(Harry Nilsson reference)

The biopsy did verify the existence of squamous cell carcinoma. I was soon transported to THE hospital, for about two weeks, so that they could estimate my survivability re a long operation, so that they could wean me of cigarettes, so that they could wean me of alcohol, and so that they could let me eat for a couple of more weeks before they cut out my tongue.

I endured an operation that lasted between 13 and 15 hours, depending on who you talk to, they replaced roughly half of my tongue with muscle and nerves from my left arm, and they took a slice out of my left leg in the event they needed tissue from somewhere else (they did not, but what the hell, it was my leg, not theirs). Let me tell you that I endured 33 of a scheduled 35 radiation treatments that lasted from 30 to 45 minutes while I was bolted down under a fiberglass sort of mask, and that I also had some fun with chemotherapy.

Following the surgery, I was maintained in an unconscious state for four days, so that I would not move about, in the Intensive Care Unit (ICU). I then spent another week and a half or two in the hospital in various stages of opiated happiness, with a resolute effort to be cured at once, and experiencing wondrous and horrible conspiracies that were only in my mind.

Later, after release from the hospital and confirmation that all of my mad dreams were not true, I enjoyed chemotherapy: day-long lounges in easy chairs with needles in my arm and balloon-sized, well, balloons, filled with chemical wonders infiltrating my immune system. During all of this, I was receiving radiation treatments, daily, for seven weeks. As a claustrophobe, I was not enamored of the idea of having my face pinned down to a table in a fiberglass mask for 30 to 45 minutes. In fact, I advised the medical folks I would rather die than go through this for seven weeks, but they opted to ignore me. From this, I can tell you two things: I had never taken valium before but suddenly realized it was one of the greatest inventions since the wheel, and, two, music is the greatest clock in the world. I calculated that every song was three minutes long, and used this to help me get through the dragging, dragging minutes to the end of each session.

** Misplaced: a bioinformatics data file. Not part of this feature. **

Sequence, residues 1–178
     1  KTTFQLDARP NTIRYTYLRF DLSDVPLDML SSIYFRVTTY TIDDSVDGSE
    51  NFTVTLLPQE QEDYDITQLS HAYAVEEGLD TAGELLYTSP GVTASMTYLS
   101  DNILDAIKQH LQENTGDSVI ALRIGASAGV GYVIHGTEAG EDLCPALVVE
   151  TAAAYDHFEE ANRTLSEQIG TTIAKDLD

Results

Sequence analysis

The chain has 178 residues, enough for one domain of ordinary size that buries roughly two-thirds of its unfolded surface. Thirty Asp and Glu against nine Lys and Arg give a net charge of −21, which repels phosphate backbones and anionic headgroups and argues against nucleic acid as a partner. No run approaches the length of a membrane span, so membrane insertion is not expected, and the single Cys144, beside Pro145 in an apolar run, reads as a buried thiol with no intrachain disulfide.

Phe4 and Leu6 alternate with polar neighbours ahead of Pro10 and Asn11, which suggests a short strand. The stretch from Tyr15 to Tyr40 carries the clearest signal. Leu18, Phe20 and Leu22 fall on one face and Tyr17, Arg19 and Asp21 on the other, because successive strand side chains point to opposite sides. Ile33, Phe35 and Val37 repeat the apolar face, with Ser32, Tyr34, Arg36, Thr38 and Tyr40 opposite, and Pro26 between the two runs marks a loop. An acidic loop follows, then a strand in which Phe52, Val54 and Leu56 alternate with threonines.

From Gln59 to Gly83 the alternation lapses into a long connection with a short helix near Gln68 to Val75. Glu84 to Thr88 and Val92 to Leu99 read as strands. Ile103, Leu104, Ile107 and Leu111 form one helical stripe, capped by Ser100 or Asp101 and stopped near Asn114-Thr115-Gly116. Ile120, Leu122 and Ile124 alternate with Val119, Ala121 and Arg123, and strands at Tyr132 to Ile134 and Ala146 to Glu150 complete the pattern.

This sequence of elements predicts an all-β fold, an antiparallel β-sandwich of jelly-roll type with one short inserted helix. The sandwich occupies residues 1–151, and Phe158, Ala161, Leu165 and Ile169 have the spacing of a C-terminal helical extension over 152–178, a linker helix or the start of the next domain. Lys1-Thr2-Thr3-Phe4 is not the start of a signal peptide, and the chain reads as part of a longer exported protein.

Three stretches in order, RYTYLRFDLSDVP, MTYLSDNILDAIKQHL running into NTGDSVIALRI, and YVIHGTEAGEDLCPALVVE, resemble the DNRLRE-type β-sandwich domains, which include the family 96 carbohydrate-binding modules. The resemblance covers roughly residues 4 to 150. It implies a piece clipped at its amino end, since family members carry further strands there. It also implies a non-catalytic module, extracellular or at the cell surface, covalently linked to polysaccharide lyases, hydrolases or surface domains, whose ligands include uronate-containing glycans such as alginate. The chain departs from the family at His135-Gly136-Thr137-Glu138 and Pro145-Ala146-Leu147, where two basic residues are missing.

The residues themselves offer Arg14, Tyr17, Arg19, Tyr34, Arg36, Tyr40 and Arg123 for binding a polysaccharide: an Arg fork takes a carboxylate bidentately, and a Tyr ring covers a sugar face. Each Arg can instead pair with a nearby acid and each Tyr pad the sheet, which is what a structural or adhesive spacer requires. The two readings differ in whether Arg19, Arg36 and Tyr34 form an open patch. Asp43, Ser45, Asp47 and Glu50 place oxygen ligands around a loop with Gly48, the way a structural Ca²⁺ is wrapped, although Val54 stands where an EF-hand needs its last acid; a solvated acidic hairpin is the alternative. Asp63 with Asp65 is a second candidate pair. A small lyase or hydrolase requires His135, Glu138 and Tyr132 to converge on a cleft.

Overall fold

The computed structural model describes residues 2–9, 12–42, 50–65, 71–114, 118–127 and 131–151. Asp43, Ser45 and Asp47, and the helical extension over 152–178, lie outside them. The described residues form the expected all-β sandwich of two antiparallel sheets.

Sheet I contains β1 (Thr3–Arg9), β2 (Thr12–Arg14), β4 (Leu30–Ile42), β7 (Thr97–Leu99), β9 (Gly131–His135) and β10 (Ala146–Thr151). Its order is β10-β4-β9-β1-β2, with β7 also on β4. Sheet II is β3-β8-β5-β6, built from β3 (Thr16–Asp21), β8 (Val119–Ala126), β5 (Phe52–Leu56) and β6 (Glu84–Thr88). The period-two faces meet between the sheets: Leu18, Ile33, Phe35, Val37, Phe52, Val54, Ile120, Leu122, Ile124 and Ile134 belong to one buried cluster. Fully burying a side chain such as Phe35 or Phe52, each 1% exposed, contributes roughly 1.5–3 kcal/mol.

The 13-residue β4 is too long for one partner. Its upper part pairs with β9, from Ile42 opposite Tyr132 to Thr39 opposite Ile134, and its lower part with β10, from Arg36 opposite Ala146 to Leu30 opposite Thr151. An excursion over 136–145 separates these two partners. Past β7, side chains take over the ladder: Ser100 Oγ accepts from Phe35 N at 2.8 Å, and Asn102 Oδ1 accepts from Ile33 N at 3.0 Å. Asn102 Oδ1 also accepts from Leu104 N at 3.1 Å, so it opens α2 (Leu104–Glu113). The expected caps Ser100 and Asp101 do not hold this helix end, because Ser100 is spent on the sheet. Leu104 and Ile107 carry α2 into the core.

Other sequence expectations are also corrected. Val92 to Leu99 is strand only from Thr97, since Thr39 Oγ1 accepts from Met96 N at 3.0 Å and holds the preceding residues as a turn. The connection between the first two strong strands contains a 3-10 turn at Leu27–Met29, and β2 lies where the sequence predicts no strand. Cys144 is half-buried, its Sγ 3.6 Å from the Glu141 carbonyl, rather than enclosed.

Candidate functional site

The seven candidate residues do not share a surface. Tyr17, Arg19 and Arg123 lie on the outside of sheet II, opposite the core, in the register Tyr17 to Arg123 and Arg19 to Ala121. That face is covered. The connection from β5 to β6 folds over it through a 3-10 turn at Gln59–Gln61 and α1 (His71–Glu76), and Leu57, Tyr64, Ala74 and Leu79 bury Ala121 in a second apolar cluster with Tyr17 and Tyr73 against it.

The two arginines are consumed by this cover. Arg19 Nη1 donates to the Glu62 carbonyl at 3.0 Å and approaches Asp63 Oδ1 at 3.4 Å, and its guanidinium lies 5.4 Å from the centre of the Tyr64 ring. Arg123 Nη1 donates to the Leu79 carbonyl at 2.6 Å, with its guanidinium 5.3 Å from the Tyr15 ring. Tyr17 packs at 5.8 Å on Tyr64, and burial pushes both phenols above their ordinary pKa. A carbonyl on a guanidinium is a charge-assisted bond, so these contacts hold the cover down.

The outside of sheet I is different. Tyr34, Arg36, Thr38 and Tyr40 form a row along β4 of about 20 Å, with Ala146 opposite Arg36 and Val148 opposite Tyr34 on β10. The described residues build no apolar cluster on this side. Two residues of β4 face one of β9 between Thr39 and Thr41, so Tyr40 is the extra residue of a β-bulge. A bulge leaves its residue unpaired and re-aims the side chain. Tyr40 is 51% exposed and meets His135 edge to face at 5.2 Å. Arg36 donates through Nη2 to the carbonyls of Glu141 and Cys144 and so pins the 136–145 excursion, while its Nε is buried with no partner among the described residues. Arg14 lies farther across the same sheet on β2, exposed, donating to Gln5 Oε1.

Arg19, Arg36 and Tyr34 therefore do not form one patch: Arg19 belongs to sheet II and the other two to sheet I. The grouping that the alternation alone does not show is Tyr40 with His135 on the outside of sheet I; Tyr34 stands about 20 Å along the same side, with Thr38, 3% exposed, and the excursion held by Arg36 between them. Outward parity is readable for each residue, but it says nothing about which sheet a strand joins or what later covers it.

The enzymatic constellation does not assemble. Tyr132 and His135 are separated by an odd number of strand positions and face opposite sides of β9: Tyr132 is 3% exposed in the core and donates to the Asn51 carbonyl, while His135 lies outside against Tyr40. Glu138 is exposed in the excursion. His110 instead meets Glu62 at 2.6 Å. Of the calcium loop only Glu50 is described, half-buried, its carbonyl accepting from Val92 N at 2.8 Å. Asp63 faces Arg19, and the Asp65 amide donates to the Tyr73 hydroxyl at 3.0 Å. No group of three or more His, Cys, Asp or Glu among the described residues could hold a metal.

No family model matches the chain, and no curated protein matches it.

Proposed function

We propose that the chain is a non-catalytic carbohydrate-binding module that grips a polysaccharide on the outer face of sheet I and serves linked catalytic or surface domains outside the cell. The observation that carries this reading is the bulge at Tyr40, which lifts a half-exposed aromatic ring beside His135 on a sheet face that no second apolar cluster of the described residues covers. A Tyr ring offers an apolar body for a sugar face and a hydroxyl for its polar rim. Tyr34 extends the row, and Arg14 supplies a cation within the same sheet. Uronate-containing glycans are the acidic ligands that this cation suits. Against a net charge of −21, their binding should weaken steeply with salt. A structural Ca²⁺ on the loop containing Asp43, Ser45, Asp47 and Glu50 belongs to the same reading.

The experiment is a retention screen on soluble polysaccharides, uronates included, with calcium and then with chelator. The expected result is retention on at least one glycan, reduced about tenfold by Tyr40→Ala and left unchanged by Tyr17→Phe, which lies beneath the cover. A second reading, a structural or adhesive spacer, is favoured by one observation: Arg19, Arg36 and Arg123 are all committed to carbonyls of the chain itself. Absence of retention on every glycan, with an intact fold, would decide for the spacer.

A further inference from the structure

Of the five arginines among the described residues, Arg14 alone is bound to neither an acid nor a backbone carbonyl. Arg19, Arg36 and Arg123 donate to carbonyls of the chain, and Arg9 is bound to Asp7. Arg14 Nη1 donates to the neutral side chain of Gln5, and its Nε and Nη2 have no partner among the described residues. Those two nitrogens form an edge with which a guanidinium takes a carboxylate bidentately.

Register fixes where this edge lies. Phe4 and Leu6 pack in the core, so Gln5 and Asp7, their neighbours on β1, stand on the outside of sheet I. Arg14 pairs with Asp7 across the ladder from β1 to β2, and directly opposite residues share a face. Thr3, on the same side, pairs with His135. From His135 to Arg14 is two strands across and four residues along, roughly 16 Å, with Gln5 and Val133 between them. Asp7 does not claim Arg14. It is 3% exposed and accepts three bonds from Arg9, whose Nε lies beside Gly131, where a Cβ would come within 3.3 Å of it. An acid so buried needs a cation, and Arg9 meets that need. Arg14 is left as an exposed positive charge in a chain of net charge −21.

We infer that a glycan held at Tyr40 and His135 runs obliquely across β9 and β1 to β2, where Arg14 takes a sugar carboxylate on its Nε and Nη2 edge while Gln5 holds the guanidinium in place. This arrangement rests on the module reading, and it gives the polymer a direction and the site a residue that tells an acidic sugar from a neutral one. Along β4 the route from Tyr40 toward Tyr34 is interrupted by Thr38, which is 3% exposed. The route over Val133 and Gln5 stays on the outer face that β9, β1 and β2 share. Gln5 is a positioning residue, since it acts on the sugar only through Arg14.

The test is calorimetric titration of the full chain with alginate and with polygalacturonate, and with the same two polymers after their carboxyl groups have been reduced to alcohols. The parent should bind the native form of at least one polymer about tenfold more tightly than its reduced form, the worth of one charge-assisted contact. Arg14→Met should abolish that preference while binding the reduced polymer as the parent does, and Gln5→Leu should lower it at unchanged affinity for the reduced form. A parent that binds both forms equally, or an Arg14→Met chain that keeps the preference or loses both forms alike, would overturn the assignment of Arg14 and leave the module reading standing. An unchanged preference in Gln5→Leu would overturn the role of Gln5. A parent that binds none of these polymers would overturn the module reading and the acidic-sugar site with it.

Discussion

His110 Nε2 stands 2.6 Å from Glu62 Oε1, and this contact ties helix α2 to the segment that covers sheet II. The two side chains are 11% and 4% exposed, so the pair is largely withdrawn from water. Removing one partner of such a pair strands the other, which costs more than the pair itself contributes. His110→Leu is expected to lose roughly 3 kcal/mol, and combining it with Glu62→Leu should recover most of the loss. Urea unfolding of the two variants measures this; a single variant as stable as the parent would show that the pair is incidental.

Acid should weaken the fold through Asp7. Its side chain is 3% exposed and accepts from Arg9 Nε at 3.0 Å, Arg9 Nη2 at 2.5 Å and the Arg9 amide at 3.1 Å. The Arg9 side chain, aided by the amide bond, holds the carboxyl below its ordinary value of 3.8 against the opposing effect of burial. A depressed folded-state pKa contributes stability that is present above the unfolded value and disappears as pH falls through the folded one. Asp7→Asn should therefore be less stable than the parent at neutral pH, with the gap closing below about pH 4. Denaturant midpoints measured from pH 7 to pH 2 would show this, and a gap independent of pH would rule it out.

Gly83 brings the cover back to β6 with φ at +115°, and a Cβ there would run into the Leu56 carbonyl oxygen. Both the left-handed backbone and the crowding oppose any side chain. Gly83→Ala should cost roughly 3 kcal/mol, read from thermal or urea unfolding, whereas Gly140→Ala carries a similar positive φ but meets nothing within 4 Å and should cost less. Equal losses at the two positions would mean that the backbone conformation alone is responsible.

As time passed, I made the effort to reduce my valium dose, but never went without the music, and never really got used to being bolted down to a table. Of all of the experiences I had, this, the radiation, the mask, is the part I would least wish on anyone (with the exception of the staph infection I developed as a result of a later operation, which I will get into later). And yet, if I can do it, anyone can.

I’m not saying I did it with grace and courage, but I did it.

(You should know: after the trial episode, I DID say I was going to have to die, because I was not going to go through this, and they finally offered for me to stay in the hospital like the children, so that I could get drugs and so forth, and I actually said YES!!! That sounds good to me!!! And they shook their heads as if to tell me I was a wimp and then the doc said, “You are a wimp.”

Ultimately, I was not allowed that option.)